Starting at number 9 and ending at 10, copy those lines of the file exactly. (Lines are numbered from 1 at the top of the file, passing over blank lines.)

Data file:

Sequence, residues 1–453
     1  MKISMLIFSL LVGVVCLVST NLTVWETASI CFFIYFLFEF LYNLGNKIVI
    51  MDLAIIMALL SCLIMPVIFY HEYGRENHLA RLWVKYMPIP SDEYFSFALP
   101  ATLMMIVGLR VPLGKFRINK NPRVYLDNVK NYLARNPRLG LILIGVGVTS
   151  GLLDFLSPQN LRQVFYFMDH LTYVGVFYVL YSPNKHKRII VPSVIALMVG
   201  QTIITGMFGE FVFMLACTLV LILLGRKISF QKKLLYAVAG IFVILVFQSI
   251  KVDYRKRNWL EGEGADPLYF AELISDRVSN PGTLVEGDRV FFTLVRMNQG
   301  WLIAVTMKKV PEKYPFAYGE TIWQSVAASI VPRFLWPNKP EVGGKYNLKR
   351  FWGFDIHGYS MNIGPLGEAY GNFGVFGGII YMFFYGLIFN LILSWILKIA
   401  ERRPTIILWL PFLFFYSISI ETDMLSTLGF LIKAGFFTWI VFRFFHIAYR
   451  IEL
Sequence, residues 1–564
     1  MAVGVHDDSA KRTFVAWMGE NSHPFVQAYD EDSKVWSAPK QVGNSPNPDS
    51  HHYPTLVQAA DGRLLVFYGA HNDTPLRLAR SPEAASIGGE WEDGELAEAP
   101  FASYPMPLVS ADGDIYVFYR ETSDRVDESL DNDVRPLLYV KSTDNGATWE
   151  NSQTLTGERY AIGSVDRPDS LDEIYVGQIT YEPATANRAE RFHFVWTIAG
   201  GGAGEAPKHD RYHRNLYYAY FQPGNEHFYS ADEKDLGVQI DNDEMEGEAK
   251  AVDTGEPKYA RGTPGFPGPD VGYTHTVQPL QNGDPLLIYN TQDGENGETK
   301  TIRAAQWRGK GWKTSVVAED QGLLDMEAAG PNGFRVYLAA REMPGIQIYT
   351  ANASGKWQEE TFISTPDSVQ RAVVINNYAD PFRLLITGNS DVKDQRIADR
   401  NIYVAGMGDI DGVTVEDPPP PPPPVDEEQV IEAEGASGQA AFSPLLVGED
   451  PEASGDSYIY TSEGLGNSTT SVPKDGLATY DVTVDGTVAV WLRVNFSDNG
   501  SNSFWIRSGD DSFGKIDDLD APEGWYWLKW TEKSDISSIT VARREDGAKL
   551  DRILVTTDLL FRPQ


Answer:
   351  FWGFDIHGYS MNIGPLGEAY GNFGVFGGII YMFFYGLIFN LILSWILKIA
   401  ERRPTIILWL PFLFFYSISI ETDMLSTLGF LIKAGFFTWI VFRFFHIAYR